"If you're not sure who to call, start with city hall," suggests Jordan. Some cities are vigilant about enforcing ordinances. "They'll cut the neighbor's grass if it's too long and send them a bill," she says.
Others are less eager to get involved in personal disputes. Frequently, homeowners associations have more power when it comes to enforcing neighborhood protocol, as residents who break the rules are breaking contract.
The association can issue fines for code violations (as much as $100 each) and ultimately sue the residents at their expense.
Step 4: Find a Middleman to Find Middle Ground
Too often a problem doesn't end even when an official party gets involved. Instead, bad feelings spread like noxious weeds and everything becomes a nuisance. If unchecked, this kind of dispute can go on for years. In these situations, mediation can be surprisingly effective.
"In one case, neighbors who'd been friends started fighting over a tree house that was 13 inches over the other person's property," says Martin Eichner, mediation director for Project Sentinel, which runs dispute-resolution programs in Northern California.
They feuded for years, called the city, hired lawyers and still couldn't solve the problem. Finally, they turned to mediation, and "in three hours they resolved the matter on their own terms."
The solution: The tree house builders gave their neighbors an extra 13 inches elsewhere on the property.
There are more than 500 community mediation centers in the U.S., and for the most part, they provide services at low or no cost. The mediator contacts your neighbor on your behalf, arranges a meeting in a neutral location, and helps you hash out your problems.
"It's not the mediator's job to say who's right or wrong," says Irvin Foster, co-chairman of the National Association for Community Mediation. "They're there to help you come to an agreement you both can live with."
Step 5: Consider Court, but Only as a Last Resort
Think twice before hiring an attorney (unless you have a boundary dispute, for which court may be a necessity). In most cases, a lawsuit isn't worth the time and expense.
There's one exception, however. If your problem can be solved with money (your neighbor murdered your prizewinning rose bush or deliberately broke your fence), you might try small-claims court.
The amount you can collect is usually less than $10,000, but the process is inexpensive - all you pay is a filing fee of $100 or less - and doesn't require a lawyer.
One hopes that going through these steps will lead to a resolution. But unfortunately, neighbor dramas can sometimes drag on in spite of one's best efforts. When all else fails, you ultimately have only two options: Live with the problem or leave.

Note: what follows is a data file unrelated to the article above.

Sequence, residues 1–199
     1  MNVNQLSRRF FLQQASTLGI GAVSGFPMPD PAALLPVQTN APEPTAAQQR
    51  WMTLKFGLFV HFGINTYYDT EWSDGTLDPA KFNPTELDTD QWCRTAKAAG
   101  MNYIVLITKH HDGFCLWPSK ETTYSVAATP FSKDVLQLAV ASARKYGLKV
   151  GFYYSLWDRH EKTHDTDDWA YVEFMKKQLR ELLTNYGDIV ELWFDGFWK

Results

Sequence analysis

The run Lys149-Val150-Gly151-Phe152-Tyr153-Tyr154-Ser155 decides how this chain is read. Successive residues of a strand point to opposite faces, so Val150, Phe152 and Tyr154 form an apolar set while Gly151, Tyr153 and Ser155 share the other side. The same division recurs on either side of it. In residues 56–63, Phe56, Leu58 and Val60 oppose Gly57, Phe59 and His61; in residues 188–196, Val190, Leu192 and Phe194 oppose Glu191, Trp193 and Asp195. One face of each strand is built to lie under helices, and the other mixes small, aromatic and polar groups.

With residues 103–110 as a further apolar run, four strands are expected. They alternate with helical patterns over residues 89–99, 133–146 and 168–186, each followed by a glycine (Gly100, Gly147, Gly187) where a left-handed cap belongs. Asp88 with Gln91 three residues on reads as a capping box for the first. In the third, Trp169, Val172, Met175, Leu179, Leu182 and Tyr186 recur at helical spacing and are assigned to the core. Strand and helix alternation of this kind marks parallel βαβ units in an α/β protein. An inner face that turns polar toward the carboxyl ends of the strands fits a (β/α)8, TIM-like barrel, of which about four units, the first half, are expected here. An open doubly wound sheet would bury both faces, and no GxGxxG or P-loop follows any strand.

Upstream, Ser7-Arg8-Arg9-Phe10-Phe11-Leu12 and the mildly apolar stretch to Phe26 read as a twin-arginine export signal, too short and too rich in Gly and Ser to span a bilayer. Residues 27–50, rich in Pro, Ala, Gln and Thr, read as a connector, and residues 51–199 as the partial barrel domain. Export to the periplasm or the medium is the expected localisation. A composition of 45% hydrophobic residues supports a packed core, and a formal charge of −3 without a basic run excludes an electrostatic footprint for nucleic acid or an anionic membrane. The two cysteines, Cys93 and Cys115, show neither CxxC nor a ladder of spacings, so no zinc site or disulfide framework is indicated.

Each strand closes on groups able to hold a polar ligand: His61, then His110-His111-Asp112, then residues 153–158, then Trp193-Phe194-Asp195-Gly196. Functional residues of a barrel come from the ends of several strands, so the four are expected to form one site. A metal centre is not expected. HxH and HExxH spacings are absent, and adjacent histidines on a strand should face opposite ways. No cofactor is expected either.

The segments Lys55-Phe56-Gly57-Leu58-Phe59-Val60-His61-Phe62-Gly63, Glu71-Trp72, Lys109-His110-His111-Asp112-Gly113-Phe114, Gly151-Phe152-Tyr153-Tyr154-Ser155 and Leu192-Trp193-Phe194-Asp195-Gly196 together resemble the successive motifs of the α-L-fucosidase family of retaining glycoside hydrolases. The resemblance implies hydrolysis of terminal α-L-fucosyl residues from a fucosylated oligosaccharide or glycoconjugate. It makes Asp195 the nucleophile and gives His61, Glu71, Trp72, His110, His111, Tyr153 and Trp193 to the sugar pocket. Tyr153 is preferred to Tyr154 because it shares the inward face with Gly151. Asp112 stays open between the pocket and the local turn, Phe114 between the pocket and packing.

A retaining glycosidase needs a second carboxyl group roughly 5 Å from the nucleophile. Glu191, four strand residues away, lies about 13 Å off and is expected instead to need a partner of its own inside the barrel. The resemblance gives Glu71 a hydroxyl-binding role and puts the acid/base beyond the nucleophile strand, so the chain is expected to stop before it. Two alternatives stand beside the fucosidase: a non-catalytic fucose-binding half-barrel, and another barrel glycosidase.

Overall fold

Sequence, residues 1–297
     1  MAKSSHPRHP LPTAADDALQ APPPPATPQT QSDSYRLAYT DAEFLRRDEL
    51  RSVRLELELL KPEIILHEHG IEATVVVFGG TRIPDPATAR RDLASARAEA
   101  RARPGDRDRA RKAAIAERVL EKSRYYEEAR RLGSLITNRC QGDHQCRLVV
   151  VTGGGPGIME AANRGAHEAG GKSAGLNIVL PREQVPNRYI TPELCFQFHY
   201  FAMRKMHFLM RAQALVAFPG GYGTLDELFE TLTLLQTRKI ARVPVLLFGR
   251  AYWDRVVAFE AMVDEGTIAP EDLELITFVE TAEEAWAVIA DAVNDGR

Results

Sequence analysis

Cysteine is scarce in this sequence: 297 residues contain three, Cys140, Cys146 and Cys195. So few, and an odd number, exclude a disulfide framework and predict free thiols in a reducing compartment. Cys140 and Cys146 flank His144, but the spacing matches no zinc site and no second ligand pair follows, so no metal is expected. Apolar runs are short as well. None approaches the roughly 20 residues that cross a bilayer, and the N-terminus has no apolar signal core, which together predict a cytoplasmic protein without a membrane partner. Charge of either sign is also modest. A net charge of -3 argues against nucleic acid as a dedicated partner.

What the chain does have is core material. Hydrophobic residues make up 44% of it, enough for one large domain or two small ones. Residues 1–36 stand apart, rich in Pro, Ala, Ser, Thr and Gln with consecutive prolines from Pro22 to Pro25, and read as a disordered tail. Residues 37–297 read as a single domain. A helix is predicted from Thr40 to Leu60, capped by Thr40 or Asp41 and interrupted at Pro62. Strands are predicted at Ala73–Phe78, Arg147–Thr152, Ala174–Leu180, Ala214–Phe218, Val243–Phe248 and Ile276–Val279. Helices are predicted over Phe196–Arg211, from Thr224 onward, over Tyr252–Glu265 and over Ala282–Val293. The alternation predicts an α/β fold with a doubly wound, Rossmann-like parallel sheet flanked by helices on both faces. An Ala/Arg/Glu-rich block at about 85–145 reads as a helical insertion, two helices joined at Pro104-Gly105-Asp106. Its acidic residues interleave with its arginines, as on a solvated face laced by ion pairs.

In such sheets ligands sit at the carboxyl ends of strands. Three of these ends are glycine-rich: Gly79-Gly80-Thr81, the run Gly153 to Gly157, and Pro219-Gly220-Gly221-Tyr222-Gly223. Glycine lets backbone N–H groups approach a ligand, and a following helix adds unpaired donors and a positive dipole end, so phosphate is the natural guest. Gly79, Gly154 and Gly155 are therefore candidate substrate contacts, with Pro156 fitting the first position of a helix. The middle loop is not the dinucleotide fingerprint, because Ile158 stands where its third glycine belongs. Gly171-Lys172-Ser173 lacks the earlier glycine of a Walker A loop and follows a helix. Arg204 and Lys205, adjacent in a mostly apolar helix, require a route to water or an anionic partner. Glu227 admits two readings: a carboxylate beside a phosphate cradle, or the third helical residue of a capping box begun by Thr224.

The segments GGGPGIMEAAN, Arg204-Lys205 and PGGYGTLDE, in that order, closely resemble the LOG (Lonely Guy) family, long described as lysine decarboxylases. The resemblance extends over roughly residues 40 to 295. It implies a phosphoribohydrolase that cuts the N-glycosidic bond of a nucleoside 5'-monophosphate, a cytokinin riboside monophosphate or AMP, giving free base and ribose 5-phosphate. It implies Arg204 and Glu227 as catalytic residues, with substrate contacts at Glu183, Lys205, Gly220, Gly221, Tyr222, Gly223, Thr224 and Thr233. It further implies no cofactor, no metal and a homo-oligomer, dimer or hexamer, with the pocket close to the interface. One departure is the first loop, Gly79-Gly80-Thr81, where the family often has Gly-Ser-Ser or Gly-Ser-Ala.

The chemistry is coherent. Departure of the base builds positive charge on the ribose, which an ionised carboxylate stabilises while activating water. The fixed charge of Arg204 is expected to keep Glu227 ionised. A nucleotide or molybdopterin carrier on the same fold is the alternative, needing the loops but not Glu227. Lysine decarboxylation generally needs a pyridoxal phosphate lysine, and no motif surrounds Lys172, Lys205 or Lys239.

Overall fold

Maria Ly obviously chose the latter. She put her condo up for sale and was up front with potential buyers about the noise from below. (In some states, you must disclose certain neighbor nuisances, according to Saatchi.)
After four long months on the market, the condo sold, but for 5% less than similar properties. Whether or not the neighbors are to blame, Ly isn't certain.
And at this point, she really doesn't care. "I'm just happy not to have that stress anymore."
The Minutiae of Mediation
When should I use a mediator? It's almost always worth a try, especially if your complaint isn't backed up by any law or homeowners association rule. Most mediation centers report that 75% of clients come to an agreement.
How does it work? With most programs, you call the center and speak with an adviser about whether this approach makes sense. If it does, he or she will contact your neighbor to set up a meeting, usually within a week. Most cases are dealt with in a single two- to three-hour session.
Will the mediator decide who's right and who's wrong? No. The mediator simply helps you and your neighbor come to your own agreement. If you choose, you can put it in writing, making it legally binding.
What happens if my neighbor doesn't follow through? If you decide to make your agreement legally enforceable, you can use it to support your case in court (though the mediator can't testify on your behalf). If you don't document it, you might have to return to mediation.
How do I find a mediator? Search the National Association for Community Mediation website (nafcm.org) or contact your city hall. If your community doesn't have a program, you may be able to find a private mediator in the Yellow Pages.
How much will it cost? Most community programs are free, though some charge a small fee ($10 to $50 a session, depending on your income). Private mediators typically charge $150 an hour.